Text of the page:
Friday, August 13, 2010

Summer Days: An Edible Passport of Disneyland

Wrote a travel article for the SM Observer on the food of Disneyland! Enjoy! 

Summer Days: An Edible Passport of Disneyland

Is any Southern California summer complete without at trip to Disney?  (The answer is no, and if you have to ask then you really need to head towards Sleeping Beauty’s castle…).  Naturally everyone always talks about the rides at Disneyland, but an unsung memory of any child’s (or adult’s) day is the food consumed at the House of Mouse.  This is not a time to be snooty, none of these options are looking for (or are expected to have) a Michelin Star, but what they are is fun! (You remember fun right?)  So don a set of Mickey ears enjoy a passport into the world of edible Disney.       

Eating on the Run 
Corn dogs (more than one person on Chowhound swore that Disneyland’s Corn Dogs were the best Corn Dogs on Earth), Pickles, Turkey Legs, Mickey Ice Cream Popsicles, there’s something so classic about walking around Disneyland and eating at the same time.   Call us uncivilized, and normally I would, but when there’s rides to be ridden sitting down to eat isn’t always the smartest strategy.  If they’ve already given out all the Fast Passes (placeholders so you can ride the rides later on) for the day then there’s a chance that you’re going to stand in an hour long line (my case for Space Mountain) so a Pickle or Corn dog can be the perfect hunger solution.  Plus they make great photo opportunities!    

Secret Stashes
It’s a down low secret, but you can bring a limited amount of food into the park.  (This is one of many areas that Disneyland has the airport way beat...) There are lockers on Main Street ($6-$10 depending on the size) where you can stash a small cooler with picnic tables and chairs conveniently located nearby.  If you are going to both Disneyland and California Adventure with Park Hopper Passes (which we did) there are also lockers in between the two parks near Guest Relations.   You can also bring in non-alcoholic beverages like soda pop (I don’t normally call it soda pop, but it seems so appropriate for Disneyland.).  It’s also a great idea to bring in a reusable water bottle (like a SIGG) since there are a good number of water fountains and Anaheim can get quite toasty.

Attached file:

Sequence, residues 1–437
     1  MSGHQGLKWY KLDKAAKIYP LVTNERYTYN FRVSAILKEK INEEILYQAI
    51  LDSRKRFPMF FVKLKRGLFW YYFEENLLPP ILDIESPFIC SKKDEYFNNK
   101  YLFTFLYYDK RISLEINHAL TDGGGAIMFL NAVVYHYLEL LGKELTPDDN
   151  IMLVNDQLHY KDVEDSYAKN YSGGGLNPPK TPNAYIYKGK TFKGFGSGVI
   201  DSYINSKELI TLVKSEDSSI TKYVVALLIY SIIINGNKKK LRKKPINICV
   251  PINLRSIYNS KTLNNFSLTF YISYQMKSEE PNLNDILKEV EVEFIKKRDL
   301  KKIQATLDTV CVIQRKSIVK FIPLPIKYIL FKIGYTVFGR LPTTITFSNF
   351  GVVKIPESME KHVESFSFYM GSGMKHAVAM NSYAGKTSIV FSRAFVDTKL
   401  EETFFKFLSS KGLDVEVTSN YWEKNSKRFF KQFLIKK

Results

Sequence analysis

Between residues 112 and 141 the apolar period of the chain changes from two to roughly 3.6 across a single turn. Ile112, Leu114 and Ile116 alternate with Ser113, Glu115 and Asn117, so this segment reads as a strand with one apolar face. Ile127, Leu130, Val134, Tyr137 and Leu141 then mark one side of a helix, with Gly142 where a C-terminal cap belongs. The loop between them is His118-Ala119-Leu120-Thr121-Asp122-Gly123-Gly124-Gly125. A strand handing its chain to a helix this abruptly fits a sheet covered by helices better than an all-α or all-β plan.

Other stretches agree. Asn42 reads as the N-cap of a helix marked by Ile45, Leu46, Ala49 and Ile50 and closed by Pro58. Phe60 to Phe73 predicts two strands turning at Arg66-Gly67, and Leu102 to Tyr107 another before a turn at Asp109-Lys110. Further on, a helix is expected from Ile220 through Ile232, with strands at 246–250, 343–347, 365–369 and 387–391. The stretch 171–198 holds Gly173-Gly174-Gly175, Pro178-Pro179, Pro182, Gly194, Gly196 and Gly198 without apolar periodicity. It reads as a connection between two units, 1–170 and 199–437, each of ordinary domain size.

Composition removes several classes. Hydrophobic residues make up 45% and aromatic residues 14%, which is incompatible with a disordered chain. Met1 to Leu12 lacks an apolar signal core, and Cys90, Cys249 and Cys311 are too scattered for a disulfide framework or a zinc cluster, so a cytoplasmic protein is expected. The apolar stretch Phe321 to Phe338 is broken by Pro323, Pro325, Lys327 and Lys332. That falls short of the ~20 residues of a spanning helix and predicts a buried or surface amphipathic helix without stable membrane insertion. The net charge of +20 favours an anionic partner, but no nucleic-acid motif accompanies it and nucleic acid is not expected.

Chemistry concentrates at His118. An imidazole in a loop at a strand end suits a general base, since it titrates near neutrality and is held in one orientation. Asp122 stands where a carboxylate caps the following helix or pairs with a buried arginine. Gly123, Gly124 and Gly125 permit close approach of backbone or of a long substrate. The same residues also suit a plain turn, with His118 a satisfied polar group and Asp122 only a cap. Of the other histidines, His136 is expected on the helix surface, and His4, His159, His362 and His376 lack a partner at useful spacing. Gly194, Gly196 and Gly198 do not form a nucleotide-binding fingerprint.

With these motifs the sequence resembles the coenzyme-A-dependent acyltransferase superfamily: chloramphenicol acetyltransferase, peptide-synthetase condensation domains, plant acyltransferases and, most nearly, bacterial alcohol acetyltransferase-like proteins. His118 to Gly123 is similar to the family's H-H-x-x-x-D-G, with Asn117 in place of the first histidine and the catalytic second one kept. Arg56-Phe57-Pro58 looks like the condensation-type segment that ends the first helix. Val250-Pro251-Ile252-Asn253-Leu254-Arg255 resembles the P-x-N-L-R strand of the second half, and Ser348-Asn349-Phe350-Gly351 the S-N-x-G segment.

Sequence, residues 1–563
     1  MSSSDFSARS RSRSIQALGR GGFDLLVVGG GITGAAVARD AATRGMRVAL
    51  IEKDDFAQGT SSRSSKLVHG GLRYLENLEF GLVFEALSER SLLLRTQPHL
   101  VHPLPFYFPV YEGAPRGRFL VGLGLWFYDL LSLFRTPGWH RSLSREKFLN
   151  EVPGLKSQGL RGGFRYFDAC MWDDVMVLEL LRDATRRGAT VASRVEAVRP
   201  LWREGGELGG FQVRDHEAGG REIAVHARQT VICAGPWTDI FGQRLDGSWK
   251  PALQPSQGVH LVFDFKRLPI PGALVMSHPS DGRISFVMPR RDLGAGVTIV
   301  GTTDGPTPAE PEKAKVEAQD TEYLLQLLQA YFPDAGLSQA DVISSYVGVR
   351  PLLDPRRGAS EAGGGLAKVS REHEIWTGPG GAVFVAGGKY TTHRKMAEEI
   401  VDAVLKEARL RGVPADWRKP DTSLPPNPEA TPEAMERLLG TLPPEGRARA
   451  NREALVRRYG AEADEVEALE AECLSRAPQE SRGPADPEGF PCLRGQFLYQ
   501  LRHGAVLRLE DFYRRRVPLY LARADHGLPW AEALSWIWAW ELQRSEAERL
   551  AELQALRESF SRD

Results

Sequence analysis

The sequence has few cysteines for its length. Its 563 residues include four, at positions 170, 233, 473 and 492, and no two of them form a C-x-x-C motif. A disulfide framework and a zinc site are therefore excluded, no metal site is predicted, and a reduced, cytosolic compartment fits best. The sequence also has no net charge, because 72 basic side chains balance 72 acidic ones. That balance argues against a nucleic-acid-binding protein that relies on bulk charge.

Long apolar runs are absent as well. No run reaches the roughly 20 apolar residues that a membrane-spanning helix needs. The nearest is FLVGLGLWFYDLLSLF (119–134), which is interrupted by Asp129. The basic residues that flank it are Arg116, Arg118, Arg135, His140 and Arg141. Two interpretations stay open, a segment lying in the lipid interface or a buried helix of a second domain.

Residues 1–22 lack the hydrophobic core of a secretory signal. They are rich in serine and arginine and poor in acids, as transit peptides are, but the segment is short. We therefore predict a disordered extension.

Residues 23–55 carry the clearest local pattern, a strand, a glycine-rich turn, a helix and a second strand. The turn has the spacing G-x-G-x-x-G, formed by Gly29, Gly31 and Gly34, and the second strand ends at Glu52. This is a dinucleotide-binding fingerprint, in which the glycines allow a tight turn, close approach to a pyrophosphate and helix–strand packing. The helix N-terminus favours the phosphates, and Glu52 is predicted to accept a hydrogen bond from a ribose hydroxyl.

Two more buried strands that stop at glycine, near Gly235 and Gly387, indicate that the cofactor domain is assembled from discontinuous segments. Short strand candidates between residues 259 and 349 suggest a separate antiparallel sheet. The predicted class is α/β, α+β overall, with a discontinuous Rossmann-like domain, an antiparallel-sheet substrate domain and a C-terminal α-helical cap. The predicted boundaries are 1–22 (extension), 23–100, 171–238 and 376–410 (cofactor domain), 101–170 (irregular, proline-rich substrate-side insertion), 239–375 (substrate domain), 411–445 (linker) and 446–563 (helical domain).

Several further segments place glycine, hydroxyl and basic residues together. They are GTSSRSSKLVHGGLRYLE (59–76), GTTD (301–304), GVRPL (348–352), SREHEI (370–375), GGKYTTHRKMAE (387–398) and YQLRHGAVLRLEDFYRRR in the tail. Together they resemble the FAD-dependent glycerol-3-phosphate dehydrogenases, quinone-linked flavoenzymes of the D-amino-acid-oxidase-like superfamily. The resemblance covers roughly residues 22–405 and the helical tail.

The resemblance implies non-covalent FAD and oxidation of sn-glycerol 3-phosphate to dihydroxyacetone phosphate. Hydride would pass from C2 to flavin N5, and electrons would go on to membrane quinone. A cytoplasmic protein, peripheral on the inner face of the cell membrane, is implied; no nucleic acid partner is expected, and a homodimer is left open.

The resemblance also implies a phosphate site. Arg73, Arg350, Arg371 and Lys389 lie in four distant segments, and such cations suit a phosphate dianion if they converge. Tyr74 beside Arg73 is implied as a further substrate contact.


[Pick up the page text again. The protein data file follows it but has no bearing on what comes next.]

Fine Dining a la Pirate Style
If you’re looking for a place to just sit down and relax Blue Bayou is your best bet. The restaurant, that has been open in 1967, offers Cajun and Creole style food in a unique setting offering nighttime dining inside (even though the SoCal sun is shining outside).  Like any good waterfront property restaurant you’re paying for the ambiance (that being the view of the boats setting sail on the Pirates of the Caribbean ride) with the adult lunch entrees running thirty bucks, including their infamous Monte Cristo sandwich.  The Kids menu is more decently priced (about nine dollars each) and more than just the standard greasy Kids fare (they offer grilled Salmon).  Reservations are a must for this one. 

Let’s Learn about Food… at Disneyland
In case you still haven’t made it to this one, California Adventure opened in 2001 as a park to celebrate and pay tribute to California.  From the Golden Gate Bridge to the Hollywood Back Lot to the classic wooden Amusement Pier California Adventure California Adventure is best explained as “stepping inside a California postcard.”   This includes tours of California’s classic foods such as the Mission Tortillas and Boudin Breads.   At the Mission Tortilla Factory you get to watch dough transformed into hot, tasty tortillas (Plus you get a free tortilla at the end, and if it’s your birthday you get a whole bag!).  At the Boudin Bakery tour, of the famous 150-year-old artisanal bakery in San Francisco, you watch the bakers create fresh sourdough bread through a glass walled tour hosted by Rosie O’Donnell.  No free bread here, but you can buy Mickey shaped Sourdough bread baguettes at the end of this tour.  

Dinner Downtown Disney Style
Sure it’s full of chain restaurants (Wetzel’s Pretzels, Rainforest Café, Haagen-Dazs) but sometimes that’s what you need when you have children who just need to be feed (which was the case for the two kids ten and under I was with who had just spent 12 hours riding rides).  We opted for take out from La Bread Bakery (originated by foodie darling Nancy Silverton) going for chili bread bowls for the kids.  The café offers more “adult fare” such as Flatbreads, Salads, and Panini’s.    

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